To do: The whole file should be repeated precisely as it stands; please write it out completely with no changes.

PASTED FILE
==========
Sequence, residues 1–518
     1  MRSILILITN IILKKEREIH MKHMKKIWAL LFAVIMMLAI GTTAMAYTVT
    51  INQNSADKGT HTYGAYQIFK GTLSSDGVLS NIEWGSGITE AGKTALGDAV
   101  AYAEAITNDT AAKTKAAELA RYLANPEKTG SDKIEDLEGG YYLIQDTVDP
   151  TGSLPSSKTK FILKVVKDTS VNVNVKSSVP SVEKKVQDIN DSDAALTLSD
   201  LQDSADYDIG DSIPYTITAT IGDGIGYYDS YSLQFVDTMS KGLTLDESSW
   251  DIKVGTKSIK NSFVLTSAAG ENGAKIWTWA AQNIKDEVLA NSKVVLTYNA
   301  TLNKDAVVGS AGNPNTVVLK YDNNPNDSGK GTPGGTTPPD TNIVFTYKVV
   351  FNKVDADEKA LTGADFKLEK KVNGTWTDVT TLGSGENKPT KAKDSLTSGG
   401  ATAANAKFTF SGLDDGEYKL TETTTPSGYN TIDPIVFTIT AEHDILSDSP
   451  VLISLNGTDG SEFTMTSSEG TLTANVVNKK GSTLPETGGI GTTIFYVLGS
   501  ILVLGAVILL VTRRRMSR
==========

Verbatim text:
Sequence, residues 1–518
     1  MRSILILITN IILKKEREIH MKHMKKIWAL LFAVIMMLAI GTTAMAYTVT
    51  INQNSADKGT HTYGAYQIFK GTLSSDGVLS NIEWGSGITE AGKTALGDAV
   101  AYAEAITNDT AAKTKAAELA RYLANPEKTG SDKIEDLEGG YYLIQDTVDP
   151  TGSLPSSKTK FILKVVKDTS VNVNVKSSVP SVEKKVQDIN DSDAALTLSD
   201  LQDSADYDIG DSIPYTITAT IGDGIGYYDS YSLQFVDTMS KGLTLDESSW
   251  DIKVGTKSIK NSFVLTSAAG ENGAKIWTWA AQNIKDEVLA NSKVVLTYNA
   301  TLNKDAVVGS AGNPNTVVLK YDNNPNDSGK GTPGGTTPPD TNIVFTYKVV
   351  FNKVDADEKA LTGADFKLEK KVNGTWTDVT TLGSGENKPT KAKDSLTSGG
   401  ATAANAKFTF SGLDDGEYKL TETTTPSGYN TIDPIVFTIT AEHDILSDSP
   451  VLISLNGTDG SEFTMTSSEG TLTANVVNKK GSTLPETGGI GTTIFYVLGS
   501  ILVLGAVILL VTRRRMSR